Darth Vader #1-25 (Comic) Review

Darth Vader #1-25 (Comic) Review 2
Darth Vader #1-25
Editors Choice

In late 2012, The Walt Disney Company purchased all things Lucasfilm. As a result, Star Wars comics moved from its cozy home at Dark Horse Comics over to Marvel. The move made perfect sense from a business standpoint – Disney now owned the rights to all things Star Wars as well as owning Marvel Comics. Why farm out your comic books to another business when you can do it yourself? Thus, Star Wars was back with its original comic home – Marvel.

Darth Vader #1-25 (Comic) Review 2

While this changeover led Star Wars fans into the great unknown, there was also an air of excitement with the return to Marvel. Not only would there be a monthly Star Wars issue, there also would be mini-series following some of our favourite characters. Marvel has put out series following the exploits of Princess Leia, Chewbacca, Lando, Han – even Poe Dameron has found his own comic series.

But all those (aside from Poe’s series, which seems to have no end), were a limited series of five issues. It took the Dark Lord of the Sith to warrant a 25 part series (plus an annual for good measure). In the early months of 2015, Darth Vader #1 hit comic stands, setting the table for the Dark Side to finally get its due in monthly instalments. The Darth Vader series is at its best when it connects to the Original Trilogy. It drops a level when new characters emerge – with only a hand full being memorable.

The best news about the Darth Vader comic run is – this is all canon. With all the Star Wars comics released by Marvel, they must now all link in with the Original Trilogy, Prequels, Clone Wars and Rebels cartoons and Episode VII and beyond. With Dark Horse Comics and even the first run of Star Wars comics with Marvel, they were all stories that never were meant to be deemed gospel.

Now that’s changed.

Darth Vader #1-25 (Comic) Review 3

That’s what makes reading Darth Vader so appealing. Not only do fans get an entire series devoted to arguably the greatest fictional villain ever created, but this is also all fitting into a bigger puzzle. There is more meaning behind each panel, each script. Series writer Kieron Gillen does a terrific job not only bringing our favourite Sith Lord to life, but also keeping things fresh without messing with the plots of the Original Trilogy. Series artist Salvador Larroca gives readers a Vader reminiscent of the films, an essential element in bringing fans right into that timeline.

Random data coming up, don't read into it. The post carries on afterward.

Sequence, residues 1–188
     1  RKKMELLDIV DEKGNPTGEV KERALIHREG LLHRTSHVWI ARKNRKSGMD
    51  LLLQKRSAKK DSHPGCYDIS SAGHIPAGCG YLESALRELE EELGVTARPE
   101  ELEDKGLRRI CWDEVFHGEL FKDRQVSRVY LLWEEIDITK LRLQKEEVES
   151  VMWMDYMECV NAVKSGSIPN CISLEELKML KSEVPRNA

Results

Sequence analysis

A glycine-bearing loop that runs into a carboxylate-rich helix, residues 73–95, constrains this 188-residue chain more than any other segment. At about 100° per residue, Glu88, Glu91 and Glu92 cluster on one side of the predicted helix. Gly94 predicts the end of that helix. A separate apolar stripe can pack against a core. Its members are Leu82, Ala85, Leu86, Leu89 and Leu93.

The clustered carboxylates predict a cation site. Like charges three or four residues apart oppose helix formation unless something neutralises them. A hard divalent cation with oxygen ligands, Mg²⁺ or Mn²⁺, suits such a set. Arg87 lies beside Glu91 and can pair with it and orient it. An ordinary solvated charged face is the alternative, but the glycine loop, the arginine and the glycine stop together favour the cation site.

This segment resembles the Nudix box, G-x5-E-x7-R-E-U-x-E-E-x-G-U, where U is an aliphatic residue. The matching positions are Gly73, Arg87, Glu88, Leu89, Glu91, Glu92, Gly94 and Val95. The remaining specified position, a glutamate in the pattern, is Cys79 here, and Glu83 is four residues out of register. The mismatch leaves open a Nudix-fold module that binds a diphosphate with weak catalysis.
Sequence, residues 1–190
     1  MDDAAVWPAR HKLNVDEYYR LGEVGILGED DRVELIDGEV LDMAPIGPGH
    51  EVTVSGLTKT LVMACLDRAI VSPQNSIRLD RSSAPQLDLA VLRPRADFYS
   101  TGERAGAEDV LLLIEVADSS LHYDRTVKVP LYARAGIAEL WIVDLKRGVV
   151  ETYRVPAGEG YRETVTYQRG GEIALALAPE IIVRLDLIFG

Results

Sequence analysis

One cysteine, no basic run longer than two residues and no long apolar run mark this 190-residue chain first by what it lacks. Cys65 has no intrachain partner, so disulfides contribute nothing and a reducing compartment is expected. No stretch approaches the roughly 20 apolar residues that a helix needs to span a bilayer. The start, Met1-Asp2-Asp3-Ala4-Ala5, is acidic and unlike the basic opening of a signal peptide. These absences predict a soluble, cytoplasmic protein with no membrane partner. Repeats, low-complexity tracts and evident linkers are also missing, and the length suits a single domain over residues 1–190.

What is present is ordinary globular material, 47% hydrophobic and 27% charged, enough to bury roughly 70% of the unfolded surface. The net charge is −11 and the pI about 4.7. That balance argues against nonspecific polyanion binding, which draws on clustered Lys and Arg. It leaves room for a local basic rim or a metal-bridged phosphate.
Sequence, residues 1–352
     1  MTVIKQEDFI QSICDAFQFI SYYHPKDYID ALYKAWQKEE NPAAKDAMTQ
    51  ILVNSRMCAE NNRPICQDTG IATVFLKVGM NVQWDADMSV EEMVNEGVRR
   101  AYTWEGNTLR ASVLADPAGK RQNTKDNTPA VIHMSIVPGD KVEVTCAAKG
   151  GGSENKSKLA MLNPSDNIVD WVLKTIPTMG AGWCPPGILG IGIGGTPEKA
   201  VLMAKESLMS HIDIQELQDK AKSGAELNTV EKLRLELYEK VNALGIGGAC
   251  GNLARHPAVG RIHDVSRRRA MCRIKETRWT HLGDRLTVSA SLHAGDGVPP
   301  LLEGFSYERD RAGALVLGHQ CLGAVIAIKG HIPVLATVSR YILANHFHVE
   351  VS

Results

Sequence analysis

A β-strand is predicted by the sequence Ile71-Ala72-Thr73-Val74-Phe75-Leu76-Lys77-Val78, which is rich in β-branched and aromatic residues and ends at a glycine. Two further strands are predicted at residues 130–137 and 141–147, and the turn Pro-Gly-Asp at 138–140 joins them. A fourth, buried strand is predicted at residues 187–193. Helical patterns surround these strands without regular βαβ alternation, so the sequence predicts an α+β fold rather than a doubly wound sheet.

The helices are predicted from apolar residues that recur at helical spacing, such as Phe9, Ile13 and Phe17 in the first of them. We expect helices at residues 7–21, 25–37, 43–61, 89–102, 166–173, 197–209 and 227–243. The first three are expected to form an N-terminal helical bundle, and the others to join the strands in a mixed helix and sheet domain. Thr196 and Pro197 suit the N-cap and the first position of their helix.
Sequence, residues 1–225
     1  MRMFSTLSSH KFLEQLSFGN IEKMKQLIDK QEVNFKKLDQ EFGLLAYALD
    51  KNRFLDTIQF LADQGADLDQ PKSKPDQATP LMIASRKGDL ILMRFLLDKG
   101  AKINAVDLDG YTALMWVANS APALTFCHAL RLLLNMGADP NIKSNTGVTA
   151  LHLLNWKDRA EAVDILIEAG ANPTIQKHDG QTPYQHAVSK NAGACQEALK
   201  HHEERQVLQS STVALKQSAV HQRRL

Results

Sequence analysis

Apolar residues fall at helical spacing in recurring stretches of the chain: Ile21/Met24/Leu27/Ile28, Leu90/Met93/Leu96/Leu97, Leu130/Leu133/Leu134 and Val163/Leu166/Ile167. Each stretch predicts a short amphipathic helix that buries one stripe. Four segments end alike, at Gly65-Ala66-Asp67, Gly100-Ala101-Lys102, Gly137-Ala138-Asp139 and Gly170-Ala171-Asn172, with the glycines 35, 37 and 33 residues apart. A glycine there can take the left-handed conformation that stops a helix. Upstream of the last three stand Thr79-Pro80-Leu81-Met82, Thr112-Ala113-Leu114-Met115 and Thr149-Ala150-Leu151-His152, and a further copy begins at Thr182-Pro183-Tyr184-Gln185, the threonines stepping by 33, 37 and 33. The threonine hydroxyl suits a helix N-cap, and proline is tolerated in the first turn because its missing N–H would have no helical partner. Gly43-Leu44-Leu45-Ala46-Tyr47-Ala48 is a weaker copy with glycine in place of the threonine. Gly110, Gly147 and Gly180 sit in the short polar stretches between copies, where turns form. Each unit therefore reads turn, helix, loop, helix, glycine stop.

The Darth Vader comic series begins after the events of Episode IV, and follows Darth Vader’s pursuit of the young rebel who blew up the Death Star. It also deals with Vader’s interworking with both the Emperor and the military elites in the Empire.

If you ever wanted to see behind the Empire’s curtain, this is the series for you.

Some notable Issues in the Darth Vader Run:

Darth Vader #1-25 (Comic) Review 4

Darth Vader #1: This issue not only kicks off the series, but it’s one of the best. Vader, Jabba the Hutt, Boba Fett – could you ask for anything more? Here, we are presented with classic Vader: calm, stoic and ruthless. But we also get to know his precarious interactions with the Emperor. Let’s just say Palpetine isn’t the most encouraging mentor one could have.

Vader Down: This is a six part mini-series which crossed over with the regular Star Wars comic series as well. Check out my earlier review for details. Vader Down takes the Darth Vader series to its peak – showing readers just how powerful and mighty this Sith Lord truly can be.

Darth Vader #24: This issue has Vader literally on his knees. In his mind, he travels back into the prequels – to his hatred for Obi-Wan and his love for Padme. For someone who doesn’t have as much malice for the prequels as many other Star Wars fans, it’s was refreshing that Gillen brought prequel events to the forefront nearing the series’ crescendo.

There are also a few notable characters in the series, as well. The two killer droids, Triple-Zero and Beetee, are fantastic. They are the doppelgangers of R2 and 3PO and offer a sick bout of dark humour throughout. Dr. Alpha, Vader’s secret ally, is another strong surprise. Here’s to all three making a return to Star Wars comics sometime in the future.

In the end, all Star Wars fans reading the entire Darth Vader comic series will find something to enjoy. Whether it’s Vader slicing through Gamorrean Guards in the first few panels of issue #1, to besting Grand General Tagge at series’ end, there is enough in the 25 issues for all to fall for Lord Vader once more.

Final Thoughts

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